The project will continue an ongoing study of deep connections between the theory of combinatorial structures on a large finite set, such as trees, forests, mappings, and partitions, and the theory of stochastic processes such as Brownian excursion and Levy processes. Specific topics to be studied include exchangeable coalescent processes, random Gibbs partitions and fragmentations, coherent combinatorial structures, partial exchangeability, consistent systems of fragmentations, continuum tree limits, occupancy problems and power laws for random discrete distributions, and Bayesian inference. There has been a rich interplay of ideas between these subjects in the last few years, and it is expected that much more remains to be discovered as present models for the asymptotics of various combinatorial structures are challenged by problems arising in various application areas. One general theme is the rich variety of models of random discrete distributions which arise when unit of mass continuously distributed in the leaves of a continuum random tree is decomposed in various ways, such as by projection onto a branch of the tree, or by cutting with a Poisson point process of cuts along branches of the tree. Such constructions lead to models for random discrete distributions with natural interpretations in application contexts, for instance the Poisson cuts may represent mutations in a phylogenetic tree.
Results of the project should provide deeper understanding of models for the evolution of random partitions and partition-valued processes, particularly processes of fragmentation and coagulation. Such results should be of value in the numerous fields where such processes have been applied before, including physics, astronomy, genetics, phylogeny, ecology, and document analysis. In particular, the application of random discrete distributions with power law tails to model the distribution of topics among scientific documents may provide improved methods for classification and navigation of large bodies of scientific literature.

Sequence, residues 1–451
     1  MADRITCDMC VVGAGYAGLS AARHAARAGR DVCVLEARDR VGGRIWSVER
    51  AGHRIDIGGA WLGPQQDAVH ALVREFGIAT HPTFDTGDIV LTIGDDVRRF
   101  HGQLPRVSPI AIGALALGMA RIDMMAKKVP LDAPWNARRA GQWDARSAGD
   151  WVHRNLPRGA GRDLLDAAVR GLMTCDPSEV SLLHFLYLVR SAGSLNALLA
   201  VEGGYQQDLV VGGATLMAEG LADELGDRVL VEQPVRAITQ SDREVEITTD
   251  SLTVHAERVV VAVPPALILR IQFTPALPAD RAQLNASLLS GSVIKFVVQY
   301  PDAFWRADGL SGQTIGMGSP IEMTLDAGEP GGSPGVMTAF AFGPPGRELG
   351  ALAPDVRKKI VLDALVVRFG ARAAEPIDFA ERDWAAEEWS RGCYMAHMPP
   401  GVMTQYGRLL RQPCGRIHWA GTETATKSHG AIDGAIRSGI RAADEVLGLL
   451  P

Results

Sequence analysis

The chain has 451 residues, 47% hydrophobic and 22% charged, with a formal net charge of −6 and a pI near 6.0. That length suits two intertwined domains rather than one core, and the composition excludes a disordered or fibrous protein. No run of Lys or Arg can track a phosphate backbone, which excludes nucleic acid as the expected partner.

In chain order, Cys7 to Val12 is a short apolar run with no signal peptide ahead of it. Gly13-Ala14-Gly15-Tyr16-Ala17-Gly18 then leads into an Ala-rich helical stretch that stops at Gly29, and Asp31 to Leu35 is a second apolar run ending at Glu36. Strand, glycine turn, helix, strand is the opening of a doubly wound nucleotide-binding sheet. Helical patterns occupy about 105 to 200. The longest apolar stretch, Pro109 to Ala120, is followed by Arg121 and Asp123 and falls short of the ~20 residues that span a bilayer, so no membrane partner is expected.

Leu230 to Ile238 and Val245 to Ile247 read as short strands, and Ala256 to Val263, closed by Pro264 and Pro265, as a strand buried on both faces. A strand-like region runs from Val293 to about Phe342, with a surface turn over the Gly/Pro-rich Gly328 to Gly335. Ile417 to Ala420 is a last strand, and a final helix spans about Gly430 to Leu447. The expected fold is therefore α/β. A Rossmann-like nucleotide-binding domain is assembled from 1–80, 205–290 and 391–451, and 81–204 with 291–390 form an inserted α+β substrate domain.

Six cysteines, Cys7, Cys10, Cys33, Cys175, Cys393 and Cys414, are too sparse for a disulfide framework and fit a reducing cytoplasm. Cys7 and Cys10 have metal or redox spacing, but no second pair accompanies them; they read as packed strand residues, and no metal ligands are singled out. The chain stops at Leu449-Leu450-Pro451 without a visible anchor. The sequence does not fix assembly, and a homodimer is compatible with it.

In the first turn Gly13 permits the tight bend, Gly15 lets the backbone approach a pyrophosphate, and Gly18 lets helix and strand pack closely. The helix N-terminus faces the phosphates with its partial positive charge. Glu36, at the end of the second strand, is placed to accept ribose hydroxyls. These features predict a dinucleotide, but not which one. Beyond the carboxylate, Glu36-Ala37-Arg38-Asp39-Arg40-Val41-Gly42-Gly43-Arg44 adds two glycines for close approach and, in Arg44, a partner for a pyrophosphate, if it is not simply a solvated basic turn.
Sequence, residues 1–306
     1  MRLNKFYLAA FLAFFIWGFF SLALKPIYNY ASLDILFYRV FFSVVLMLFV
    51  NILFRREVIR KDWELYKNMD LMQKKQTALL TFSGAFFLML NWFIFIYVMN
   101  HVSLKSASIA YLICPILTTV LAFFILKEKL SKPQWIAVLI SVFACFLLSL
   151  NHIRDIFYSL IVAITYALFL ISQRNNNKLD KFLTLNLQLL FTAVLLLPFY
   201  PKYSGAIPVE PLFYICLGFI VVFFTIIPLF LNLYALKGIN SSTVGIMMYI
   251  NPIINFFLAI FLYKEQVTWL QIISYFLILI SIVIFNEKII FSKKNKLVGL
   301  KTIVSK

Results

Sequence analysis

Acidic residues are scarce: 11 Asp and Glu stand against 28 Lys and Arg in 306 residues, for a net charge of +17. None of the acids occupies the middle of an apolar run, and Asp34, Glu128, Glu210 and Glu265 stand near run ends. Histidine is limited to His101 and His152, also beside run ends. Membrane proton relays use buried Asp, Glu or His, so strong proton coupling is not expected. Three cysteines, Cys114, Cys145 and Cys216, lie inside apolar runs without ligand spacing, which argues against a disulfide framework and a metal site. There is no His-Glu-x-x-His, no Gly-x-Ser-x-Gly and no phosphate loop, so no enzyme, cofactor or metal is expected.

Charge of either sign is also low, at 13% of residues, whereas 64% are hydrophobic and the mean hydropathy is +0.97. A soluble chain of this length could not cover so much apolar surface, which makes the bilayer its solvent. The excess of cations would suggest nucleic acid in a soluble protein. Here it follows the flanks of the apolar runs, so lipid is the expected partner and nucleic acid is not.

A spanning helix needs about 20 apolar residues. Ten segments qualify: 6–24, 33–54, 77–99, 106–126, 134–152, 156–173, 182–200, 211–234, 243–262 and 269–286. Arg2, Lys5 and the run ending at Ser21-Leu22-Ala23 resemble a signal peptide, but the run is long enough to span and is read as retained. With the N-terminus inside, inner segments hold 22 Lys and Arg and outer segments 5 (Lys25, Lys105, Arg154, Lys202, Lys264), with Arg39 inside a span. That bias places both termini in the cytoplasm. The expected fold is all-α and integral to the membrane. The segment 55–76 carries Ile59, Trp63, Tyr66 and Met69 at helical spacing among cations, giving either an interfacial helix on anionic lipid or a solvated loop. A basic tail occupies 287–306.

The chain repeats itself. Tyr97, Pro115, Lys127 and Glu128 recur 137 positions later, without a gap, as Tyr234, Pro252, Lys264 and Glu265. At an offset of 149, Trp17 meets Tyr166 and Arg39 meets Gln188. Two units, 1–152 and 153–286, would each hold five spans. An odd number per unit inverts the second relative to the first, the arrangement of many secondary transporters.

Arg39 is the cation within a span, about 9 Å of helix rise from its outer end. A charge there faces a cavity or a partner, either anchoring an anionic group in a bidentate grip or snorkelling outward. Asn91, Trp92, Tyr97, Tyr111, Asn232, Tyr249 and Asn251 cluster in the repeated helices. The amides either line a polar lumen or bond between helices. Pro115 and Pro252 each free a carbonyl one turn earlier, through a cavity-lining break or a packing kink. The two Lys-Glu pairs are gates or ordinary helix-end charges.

This NSF award supported research into the construction and asymptotics of various models of random trees, including continuum random tree limits, as well as path transformations of stochastic processes and models for random clustering and partitioning. Pitman and Chistopher Haulk obtained a characterization of exchangeable random hierarchies by sampling from a random real tree, which may be viewed as the analog for hierarchies of Kingman's representation of exchangeable random partitions. Pitman, Douglas Rizzolo and Matthias Winkel obtained a number of new results on the asymptotic behavior of various random fragmentation processes and associated random trees. A systematic account was provided of residual mass processes of a tagged particle in an exchangeable fragmentation process, with attention to mechanisms of selection of particles which have regenerative properties but are not fully exchangeable. This lead to a novel study of binary tree growth processes by a transition mechanism called bead-splitting which involves random discrete distributions. It was shown for a large family of bead-splitting processes that there is almost sure convergence of rescaled trees to to a self-similar continuum random tree, in the Gromov-Hausdorff-Prohorov sense. Regenerative tree growth processes were further characterized as consistent families of random trees with labelled leaves, with a regenerative property at branch points. This framework includes growth processes for exchangeably labelled Markov branching trees, as well as non-exchangeable models such as the alpha-theta model, the alpha-gamma model and all restricted exchangeable models previously studied. The main structural result is a representation of the growth rule by a sigma-finite dislocation measure kappa on the set of partitions of the natural numbers extending Bertoin's notion of exchangeable dislocation measures from the setting of homogeneous fragmentations. This representation was applied to establish necessary and sufficient conditions on the growth rule under which results by Haas and Miermont apply to establish self-similar random trees and residual mass processes as scaling limits. While previous studies exploited some form of exchangeability, these scaling limit results only require a regularity condition on the convergence of asymptotic frequencies under kappa, in addition to a regular variation condition. In a series of papers by Pitman with Nathan Ross, Josh Abramson and Geronimo Uribe Bravo, definitive results were obtained describing the convex minorants of random walks and Levy processes. These results include point process descriptions of the convex minorant of random walks and Levy processes on a fixed finite interval, up to an independent exponential time, and in the infinite horizon case. These descriptions follow from the invariance of these processes under an adequate path transformation. In the case of Brownian motion, further special properties of this process, including time-inversion, imply a sequential description for the convex minorant of the Brownian meander. A new path transform on 1-dimensional simple random walks and Brownian motion, the quantile transform, was introduced and its properties were exposed in joint work by Pitman, Noah Forman and Sami Assaf. This transformation relates to identities in fluctuation theory due to Wendel, Port, Dassios and others, and to discrete and Brownian versions of Tanaka's formula. For an n-step random walk, the quantile transform reorders increments according to the value of the walk at the start of each increment. The distribution of the quantile transform of a simple random walk of n steps was described using a bijection to characterize the number of pre-images of each possible transformed path. A surprising consquence is that both for simple random walks and for Brownian motion, that the quantile transform has the same distribution as Vervaat's transform. For Brownian motion, the quantile transforms of the embedded simple random walks converge to a time change of the local time profile, leading to a novel derivation of Jeulin's description of the local time profile of a Brownian bridge or excursion. Pitman worked with Tamara Broderick and Michael Jordan on applications of random partitions to problems in machine learning. A theory was developed of which generalizes Bayesian cluster analysis. In this generalization, called feature allocation, each data point may belong to an arbitrary, non-negative integer number of groups, now called features or topics. A notion of an "exchangeable feature probability function" (EFPF)---analogous to the exchangeable partition probability function (EPPF) in the clustering setting--- was developed for certain types of feature models. A "feature paintbox" characterization---analogous to the Kingman paintbox for clustering---was provided for a very general class of exchangeable feature models, along with a further characterization of the subclass of feature allocations that have EFPF representations.